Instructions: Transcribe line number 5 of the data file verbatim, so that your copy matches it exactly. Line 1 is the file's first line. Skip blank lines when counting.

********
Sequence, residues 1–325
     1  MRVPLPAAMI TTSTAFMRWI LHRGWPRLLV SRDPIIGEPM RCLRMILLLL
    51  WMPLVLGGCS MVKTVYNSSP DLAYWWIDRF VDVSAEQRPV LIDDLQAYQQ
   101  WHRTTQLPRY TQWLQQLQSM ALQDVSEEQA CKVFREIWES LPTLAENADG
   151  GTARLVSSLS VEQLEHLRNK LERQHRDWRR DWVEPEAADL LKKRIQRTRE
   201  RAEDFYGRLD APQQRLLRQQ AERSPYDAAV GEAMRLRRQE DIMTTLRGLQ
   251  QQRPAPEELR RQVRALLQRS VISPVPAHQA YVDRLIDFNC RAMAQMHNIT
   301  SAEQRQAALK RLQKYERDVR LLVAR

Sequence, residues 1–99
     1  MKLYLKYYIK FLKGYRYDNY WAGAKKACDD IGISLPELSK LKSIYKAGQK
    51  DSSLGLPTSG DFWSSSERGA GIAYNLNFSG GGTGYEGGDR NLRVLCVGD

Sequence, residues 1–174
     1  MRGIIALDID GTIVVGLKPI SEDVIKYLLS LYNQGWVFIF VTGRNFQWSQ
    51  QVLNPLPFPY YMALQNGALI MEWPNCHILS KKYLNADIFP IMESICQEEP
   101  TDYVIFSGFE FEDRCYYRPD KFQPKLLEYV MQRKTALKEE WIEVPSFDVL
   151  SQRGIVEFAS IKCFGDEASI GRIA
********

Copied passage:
   151  GTARLVSSLS VEQLEHLRNK LERQHRDWRR DWVEPEAADL LKKRIQRTRE